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Scientists discover novel mechanism that causes rare brain disease

Scientists discover novel mechanism that causes rare brain disease

Scientists at the University of California, San Francisco (UCSF) have discovered a novel mechanism that causes a rare brain disease.

The disease, called adhesion frataxinopathy, or AFF, is a progressive neurodegenerative disorder that affects children and young adults. AFF is caused by mutations in the gene encoding frataxin, a protein that is essential for the normal function of mitochondria.

The new study, published in the journal Nature Medicine, shows that AFF is caused by a loss of function of a protein called adhesion G protein-coupled receptor 4 (Adgr4). Adgr4 is a cell surface receptor that is involved in the adhesion of neurons to the extracellular matrix.

The loss of function of Adgr4 in AFF patients leads to a loss of adhesion of neurons to the extracellular matrix, which in turn leads to neurodegeneration.

The findings of the new study could lead to the development of new treatments for AFF and other neurodegenerative disorders.

Sources:

https://www.ucsf.edu/news/2017/09/408816/scientists-discover-novel-mechanism-causes-rare-brain-disease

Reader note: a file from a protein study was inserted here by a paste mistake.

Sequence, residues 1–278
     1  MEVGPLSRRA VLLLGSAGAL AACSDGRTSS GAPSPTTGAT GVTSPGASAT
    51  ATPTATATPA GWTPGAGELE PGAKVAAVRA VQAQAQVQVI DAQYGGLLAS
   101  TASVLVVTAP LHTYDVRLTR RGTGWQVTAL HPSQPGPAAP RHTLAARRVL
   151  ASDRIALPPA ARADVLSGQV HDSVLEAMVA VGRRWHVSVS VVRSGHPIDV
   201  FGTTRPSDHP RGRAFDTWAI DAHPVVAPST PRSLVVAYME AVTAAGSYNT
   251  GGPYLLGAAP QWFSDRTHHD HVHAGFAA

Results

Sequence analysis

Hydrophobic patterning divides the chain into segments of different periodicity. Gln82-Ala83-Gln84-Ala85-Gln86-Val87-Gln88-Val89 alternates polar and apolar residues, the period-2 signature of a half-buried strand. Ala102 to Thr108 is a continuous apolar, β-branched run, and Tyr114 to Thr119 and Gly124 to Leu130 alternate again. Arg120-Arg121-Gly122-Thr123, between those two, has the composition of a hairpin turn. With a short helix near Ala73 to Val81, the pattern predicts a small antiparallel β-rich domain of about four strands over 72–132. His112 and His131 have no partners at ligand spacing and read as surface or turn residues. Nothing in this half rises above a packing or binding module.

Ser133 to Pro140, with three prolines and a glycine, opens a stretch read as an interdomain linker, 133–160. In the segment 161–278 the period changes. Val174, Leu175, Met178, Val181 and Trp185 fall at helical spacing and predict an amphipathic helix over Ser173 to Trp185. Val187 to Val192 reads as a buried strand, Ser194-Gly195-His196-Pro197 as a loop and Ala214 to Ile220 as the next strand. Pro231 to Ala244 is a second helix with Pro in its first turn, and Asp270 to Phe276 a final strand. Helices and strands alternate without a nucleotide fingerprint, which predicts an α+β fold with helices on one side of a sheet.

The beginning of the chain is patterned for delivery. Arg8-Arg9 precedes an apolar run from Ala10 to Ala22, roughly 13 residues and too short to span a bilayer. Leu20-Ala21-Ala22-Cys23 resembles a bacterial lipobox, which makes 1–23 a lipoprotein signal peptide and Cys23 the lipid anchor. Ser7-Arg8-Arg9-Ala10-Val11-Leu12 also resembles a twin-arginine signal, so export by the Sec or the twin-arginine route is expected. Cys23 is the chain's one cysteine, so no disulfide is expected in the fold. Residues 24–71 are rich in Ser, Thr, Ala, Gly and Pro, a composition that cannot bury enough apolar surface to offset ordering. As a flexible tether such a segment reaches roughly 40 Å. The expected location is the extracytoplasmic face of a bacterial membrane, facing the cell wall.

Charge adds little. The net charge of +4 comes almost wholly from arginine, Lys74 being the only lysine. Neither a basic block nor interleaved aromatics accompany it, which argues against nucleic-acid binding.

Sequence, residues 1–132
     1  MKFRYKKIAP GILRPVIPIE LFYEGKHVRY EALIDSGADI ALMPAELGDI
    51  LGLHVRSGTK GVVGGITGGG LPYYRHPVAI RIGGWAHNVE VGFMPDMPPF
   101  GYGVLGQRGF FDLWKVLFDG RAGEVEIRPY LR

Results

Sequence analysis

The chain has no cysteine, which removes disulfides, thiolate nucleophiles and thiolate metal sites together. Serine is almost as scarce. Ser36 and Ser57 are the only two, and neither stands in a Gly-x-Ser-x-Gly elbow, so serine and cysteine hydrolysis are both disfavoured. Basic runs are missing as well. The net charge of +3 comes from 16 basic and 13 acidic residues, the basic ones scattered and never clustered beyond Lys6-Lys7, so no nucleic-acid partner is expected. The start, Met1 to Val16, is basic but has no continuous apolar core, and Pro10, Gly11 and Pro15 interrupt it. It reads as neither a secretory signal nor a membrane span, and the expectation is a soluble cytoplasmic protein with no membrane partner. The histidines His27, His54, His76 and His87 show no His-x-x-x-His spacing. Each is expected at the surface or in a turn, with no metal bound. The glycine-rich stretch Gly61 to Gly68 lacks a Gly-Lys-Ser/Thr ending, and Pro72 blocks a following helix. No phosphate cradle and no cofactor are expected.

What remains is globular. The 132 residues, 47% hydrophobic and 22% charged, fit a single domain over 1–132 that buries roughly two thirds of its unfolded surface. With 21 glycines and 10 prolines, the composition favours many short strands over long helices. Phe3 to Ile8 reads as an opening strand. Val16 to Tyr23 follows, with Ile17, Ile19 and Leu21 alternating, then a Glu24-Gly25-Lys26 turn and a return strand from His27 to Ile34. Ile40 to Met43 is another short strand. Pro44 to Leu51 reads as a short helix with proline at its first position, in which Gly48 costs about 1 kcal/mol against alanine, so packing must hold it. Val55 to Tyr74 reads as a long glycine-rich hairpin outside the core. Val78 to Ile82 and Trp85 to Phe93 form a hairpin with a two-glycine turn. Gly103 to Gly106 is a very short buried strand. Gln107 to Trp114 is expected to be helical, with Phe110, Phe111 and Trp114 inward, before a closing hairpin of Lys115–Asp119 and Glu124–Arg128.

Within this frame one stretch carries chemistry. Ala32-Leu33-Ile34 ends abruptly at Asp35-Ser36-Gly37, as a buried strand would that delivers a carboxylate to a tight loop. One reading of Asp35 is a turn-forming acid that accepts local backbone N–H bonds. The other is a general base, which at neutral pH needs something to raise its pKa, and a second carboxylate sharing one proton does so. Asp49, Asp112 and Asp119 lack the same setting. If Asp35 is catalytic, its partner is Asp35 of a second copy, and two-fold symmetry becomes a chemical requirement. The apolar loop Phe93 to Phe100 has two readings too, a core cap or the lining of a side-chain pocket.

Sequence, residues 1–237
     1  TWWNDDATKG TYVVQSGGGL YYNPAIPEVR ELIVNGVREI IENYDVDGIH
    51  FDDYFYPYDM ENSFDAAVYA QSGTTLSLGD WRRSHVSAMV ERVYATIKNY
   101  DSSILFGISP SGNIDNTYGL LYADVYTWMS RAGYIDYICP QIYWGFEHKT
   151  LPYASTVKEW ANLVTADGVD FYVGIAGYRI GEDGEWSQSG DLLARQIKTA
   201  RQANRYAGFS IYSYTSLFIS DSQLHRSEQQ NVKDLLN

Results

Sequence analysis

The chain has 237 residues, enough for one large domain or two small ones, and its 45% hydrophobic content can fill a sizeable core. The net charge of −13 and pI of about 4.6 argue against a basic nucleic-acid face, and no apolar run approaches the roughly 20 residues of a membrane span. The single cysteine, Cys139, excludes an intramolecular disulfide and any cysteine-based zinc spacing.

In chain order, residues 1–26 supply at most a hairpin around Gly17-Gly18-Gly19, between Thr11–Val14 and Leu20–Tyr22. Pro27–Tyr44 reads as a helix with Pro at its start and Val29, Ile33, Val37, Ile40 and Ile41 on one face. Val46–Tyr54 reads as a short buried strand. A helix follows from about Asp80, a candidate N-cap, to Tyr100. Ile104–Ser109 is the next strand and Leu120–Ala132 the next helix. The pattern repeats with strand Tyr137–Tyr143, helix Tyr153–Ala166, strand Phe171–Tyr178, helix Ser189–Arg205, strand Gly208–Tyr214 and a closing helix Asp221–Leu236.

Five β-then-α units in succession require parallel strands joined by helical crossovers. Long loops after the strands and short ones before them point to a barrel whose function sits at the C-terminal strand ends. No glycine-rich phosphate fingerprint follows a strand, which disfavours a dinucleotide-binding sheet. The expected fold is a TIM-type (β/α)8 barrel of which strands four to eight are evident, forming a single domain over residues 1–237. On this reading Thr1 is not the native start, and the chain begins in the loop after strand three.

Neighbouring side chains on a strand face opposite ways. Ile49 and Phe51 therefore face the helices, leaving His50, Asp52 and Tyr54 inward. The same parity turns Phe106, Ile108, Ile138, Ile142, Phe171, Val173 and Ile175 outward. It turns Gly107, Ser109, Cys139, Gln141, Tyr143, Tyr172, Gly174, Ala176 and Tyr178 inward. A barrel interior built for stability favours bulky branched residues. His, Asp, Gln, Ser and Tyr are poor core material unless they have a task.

Scientists have discovered a novel mechanism that causes a rare brain disease. The disease, known as frontotemporal dementia, affects the frontal and temporal lobes of the brain, and is characterized by progressive loss of cognitive and motor skills.

The new study, published in the journal Nature Medicine, shows that the disease is caused by a protein called tau, which is involved in neurodegeneration.

Previous studies had suggested that tau was involved in the disease, but the new study is the first to show how it affects the brain.

The researchers found that tau binds to a protein called FUS, which is involved in the transport of RNA. This binding prevents FUS from working properly, and as a result, the cells in the brain degenerate.

The new finding could lead to the development of drugs that target tau and prevent the disease from progressing.

Frontotemporal dementia is a rare brain disease that affects the frontal and temporal lobes of the brain. The disease is characterized by progressive loss of cognitive and motor skills.

The cause of the disease has been largely unknown, but a new study published in the journal Nature Medicine has uncovered a novel mechanism that causes the disease.

The study shows that the disease is caused by a protein called tau, which is involved in neurodegeneration.

Previous studies had suggested that tau was involved in the disease, but the new study is the first to show how it affects the brain.

The researchers found that tau binds to a protein called FUS, which is involved in the transport of RNA. This binding prevents FUS from working properly, and as a result, the cells in the brain degenerate.

The new finding could lead to the development of drugs that target tau and prevent the disease from progressing.

Frontotemporal dementia is a rare but debilitating brain disease. There is currently no cure for the disease, and it typically progresses rapidly, leading to death within 10 years of diagnosis.

The new study offers hope for the development of treatments that could improve the quality of life for patients with the disease.

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